a New York agency by the name of Frank Sands joined us in our own little
crusade from Macon, Georgia. Johnny Jenkins did not like to fly and there was
a split between the band and Otis. During this time Otis traveled solo and
rehearsed with local bands early in the afternoons, in each of the cities
where he performed. Deep down he always wanted that steady same backup band.
He met this great band from Newport News, Virginia that had a great horn
section, full rhythm section, and a male singer, Roy Hines, and a female
singer named Gloria Stevenson. Thus, the Otis Redding Show and Revue was
born. Their first transportation was a 1949 Flexie tour bus not in very
stable shape... but Otis made it keep rolling and the show expanded the
concerts even further across the country. Otis would play seven days a week,
moving from town to town almost every day.
In most cases success changed most singers, but not Otis. He was always
ready to do whatever was necessary and willing to match everything you did.
He had his own fan club and answered most of the fan mail personally, he
spoke with disc jockeys on a daily basis and even helped me set up office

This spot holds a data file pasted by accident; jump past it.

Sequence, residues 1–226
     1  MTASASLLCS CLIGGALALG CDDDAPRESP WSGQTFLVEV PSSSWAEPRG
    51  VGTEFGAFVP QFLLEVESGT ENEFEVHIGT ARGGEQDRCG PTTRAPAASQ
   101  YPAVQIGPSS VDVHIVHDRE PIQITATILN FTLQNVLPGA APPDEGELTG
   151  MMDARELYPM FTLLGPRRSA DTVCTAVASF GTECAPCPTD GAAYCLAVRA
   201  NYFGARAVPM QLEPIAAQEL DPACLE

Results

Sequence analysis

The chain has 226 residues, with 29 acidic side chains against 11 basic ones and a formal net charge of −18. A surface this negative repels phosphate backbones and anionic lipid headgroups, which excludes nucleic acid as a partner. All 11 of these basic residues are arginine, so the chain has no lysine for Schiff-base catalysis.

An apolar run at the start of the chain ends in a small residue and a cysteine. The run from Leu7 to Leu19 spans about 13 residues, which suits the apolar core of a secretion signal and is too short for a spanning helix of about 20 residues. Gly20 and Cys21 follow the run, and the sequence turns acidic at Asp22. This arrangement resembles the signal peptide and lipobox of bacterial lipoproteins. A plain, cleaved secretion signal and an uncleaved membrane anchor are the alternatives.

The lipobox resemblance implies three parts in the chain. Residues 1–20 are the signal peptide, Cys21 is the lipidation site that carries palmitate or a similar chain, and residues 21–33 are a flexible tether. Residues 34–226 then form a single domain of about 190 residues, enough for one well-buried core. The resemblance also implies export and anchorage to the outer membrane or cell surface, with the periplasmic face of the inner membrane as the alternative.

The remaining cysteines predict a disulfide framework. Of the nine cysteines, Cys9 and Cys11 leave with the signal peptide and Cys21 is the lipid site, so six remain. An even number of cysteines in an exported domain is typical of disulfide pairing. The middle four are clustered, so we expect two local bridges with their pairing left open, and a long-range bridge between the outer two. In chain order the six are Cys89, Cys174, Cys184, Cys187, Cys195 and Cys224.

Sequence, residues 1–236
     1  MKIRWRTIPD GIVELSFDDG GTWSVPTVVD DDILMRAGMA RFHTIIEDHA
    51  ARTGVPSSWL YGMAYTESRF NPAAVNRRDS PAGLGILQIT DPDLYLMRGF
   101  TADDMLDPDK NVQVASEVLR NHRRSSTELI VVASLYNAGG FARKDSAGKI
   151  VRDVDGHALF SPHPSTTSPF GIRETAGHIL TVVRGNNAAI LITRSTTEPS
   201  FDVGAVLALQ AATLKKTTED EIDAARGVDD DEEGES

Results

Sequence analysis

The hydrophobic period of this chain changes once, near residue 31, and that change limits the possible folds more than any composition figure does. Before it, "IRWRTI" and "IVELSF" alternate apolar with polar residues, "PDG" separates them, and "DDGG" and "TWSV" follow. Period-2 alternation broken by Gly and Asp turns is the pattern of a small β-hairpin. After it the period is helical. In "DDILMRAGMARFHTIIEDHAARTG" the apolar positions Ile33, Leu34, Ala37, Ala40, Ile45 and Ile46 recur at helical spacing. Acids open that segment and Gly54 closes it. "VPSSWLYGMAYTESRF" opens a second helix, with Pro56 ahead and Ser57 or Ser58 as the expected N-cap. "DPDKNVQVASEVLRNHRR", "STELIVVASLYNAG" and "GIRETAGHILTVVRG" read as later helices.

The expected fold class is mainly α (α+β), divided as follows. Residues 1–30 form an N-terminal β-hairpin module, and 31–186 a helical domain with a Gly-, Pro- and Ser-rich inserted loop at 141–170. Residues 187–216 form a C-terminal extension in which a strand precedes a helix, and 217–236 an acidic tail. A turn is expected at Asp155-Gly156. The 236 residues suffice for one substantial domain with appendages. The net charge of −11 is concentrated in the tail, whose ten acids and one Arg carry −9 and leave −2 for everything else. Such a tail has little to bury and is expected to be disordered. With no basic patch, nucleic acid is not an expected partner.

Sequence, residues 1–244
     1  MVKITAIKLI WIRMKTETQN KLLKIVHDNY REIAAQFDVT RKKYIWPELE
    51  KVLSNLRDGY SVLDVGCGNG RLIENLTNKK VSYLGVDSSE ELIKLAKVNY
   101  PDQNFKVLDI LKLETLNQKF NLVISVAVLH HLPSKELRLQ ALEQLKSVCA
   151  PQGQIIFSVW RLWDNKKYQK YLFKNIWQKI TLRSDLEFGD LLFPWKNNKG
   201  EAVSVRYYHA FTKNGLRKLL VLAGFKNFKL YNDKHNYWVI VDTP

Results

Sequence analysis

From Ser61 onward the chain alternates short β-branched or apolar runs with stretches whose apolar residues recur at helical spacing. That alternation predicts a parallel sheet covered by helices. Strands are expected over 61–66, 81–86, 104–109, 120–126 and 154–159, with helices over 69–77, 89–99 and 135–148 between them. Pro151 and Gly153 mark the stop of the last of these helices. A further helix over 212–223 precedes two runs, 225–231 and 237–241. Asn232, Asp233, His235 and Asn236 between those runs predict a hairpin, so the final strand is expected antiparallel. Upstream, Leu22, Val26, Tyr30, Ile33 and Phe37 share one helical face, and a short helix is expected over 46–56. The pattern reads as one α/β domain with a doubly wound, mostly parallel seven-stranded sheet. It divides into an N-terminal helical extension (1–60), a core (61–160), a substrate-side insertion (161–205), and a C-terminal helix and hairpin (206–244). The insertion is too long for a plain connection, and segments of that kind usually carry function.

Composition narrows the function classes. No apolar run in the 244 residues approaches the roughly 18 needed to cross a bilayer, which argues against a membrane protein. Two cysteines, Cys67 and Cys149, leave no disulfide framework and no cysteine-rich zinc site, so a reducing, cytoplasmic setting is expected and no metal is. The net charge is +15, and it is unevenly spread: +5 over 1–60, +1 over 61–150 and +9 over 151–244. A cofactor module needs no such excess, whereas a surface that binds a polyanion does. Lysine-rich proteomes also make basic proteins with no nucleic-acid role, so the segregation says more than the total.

policies. One time in the early days when the company’s funds ran low he
offered to put his own road show money into the company to keep it going.
Sometimes when he would be traveling and I would arrive at 6:00 am to open
the office I would discover Otis and Speedo already in the office reviewing
the receipts and ticket box funds from the night before. He would travel a
couple hundred miles extra just to work in the office before leaving for his
next concert. Otis and I only had two disagreements during the whole time we
worked together. I felt like we were a match made in heaven.
Not all of the days were glory. If you travel long enough you are going to
meet certain people who will try to take advantage of you and we certainly
had our share of fist fights, shoot outs, and other harassments; like having
to go to the back doors, filthy hotels, and bathrooms or no service at all.
During these incidents I feared no man, Otis was a street fighter and with
Huck along as his bodyguard they both could handle almost any situation.
Business continued to grow and before I realized it I had hired my father
to be Otis’ #1 road manager. Cadillacs and newer buses, better living
conditions, and more accurate accountings of all funds. All of us wanted Otis
to save as much as he could and still enjoy an entertainer’s decent life.